Windows 8.1 gains desktop OS share but 25 percent still use XP
For the month of May, Windows 8.1 finally caught up with Windows 8 in terms of usage. However, a quarter of users still use Windows XP, which reached its end-of-support mark in April.
Windows 7 continues to be the top operating system among PC users though, with 50.06 percent of the PC market compared to 49.3 percent in April. Windows XP has 25.27 percent compared to 26.3 percent last month, Windows 8.1 has 6.35 percent compared to 5.88 percent last month, and Windows 8 has 6.29 percent compared to 6.36 percent last month. These figures came from Net Applications, a web tracking firm that records all web traffic generated by different operating systems.
The increase in users for Windows 7 and Windows 8.1 is a good sign for Microsoft, which has been urging users to upgrade to either of these operating systems from Windows XP. Microsoft ended XP support last April, which means that there will be no further security updates or bug fixes for the almost 13-year-old operating system.
However, despite the fact that users are more prone to security threats, Windows XP continues to be in second behind Windows 7 in popularity. Its percentage is slowly decreasing, with a four percent decrease since January this year, but it seems that users are switching to Windows 7 more than to Windows 8 from Windows XP.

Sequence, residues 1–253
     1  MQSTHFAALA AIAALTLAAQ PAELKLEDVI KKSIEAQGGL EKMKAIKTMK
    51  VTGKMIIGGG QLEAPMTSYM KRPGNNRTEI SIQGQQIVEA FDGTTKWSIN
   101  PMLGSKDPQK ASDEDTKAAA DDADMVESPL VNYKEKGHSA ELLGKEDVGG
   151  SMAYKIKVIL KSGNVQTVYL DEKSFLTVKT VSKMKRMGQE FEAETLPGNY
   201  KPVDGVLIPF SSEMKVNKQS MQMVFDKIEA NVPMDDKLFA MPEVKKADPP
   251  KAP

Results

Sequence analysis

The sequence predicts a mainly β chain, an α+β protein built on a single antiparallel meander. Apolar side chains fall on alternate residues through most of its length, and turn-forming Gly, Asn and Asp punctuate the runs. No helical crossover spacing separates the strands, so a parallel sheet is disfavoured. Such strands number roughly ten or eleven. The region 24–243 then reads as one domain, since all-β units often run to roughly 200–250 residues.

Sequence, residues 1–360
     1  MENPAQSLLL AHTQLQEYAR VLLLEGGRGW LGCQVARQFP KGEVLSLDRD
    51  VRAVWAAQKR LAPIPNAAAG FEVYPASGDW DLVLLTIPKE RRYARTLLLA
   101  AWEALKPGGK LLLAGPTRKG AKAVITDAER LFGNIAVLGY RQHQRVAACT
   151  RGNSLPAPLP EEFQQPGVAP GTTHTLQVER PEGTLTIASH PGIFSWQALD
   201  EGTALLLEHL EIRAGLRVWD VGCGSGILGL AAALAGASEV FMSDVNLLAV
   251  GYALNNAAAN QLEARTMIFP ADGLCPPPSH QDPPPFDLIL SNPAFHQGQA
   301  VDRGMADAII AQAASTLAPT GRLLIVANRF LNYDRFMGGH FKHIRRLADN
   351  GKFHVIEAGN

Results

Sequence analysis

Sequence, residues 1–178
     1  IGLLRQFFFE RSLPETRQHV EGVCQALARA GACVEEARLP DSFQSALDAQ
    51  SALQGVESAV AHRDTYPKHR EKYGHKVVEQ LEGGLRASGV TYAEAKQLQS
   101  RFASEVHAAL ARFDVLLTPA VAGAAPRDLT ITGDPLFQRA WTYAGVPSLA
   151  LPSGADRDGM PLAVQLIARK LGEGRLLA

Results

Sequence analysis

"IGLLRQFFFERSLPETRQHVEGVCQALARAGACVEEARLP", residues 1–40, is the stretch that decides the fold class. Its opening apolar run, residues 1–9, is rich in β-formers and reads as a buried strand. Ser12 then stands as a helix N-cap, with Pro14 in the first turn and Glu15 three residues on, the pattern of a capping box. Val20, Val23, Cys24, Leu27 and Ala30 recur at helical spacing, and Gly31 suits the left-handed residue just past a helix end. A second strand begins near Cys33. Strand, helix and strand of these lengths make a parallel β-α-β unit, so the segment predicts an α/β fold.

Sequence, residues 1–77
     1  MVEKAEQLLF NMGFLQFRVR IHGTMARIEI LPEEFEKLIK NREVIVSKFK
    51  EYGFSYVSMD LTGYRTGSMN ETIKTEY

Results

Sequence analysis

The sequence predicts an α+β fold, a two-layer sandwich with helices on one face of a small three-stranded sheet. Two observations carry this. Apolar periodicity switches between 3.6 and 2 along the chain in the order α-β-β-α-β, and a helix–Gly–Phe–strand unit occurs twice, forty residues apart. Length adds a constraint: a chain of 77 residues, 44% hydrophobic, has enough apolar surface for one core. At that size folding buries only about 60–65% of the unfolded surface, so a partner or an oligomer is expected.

Windows 8.1 users have increased by 2.35 percent since the start of the year, but Windows 8 users have decreased only by 0.27 percent. This means that most of the new users of Windows 8.1 are not upgrading from Windows 8. Rather, the new users are either upgrading from a previous version of Windows, most probably from Windows XP, or are purchasing Windows 8.1 products.
Adoption of Windows 8.1 among PC users has been slow as upgrading to Windows 8.1 from Windows 8 has more merit than upgrading to Windows 8.1 from Windows 7 or Windows XP. The primary reason is that moving from the keyboard-and-mouse systems of Windows 7 and Windows XP to the touch-based systems of Windows 8.1 and Windows 8 calls for a lot of adjustment. In addition, it is a waste to upgrade to Windows 8.1 or Windows 8 on a desktop PC that will not be able to maximize the operating system's touch-based features. The delay of the much anticipated integration of a new Start Menu into Windows 8.1 to next year will also hurt the operating system's chances of more users upgrading into it.
Overall in May, as per Net Applications, Windows operating systems made up 90.99 percent of the market, with Macs coming second at 7.39 percent and Linux at a distant third with 1.62 percent.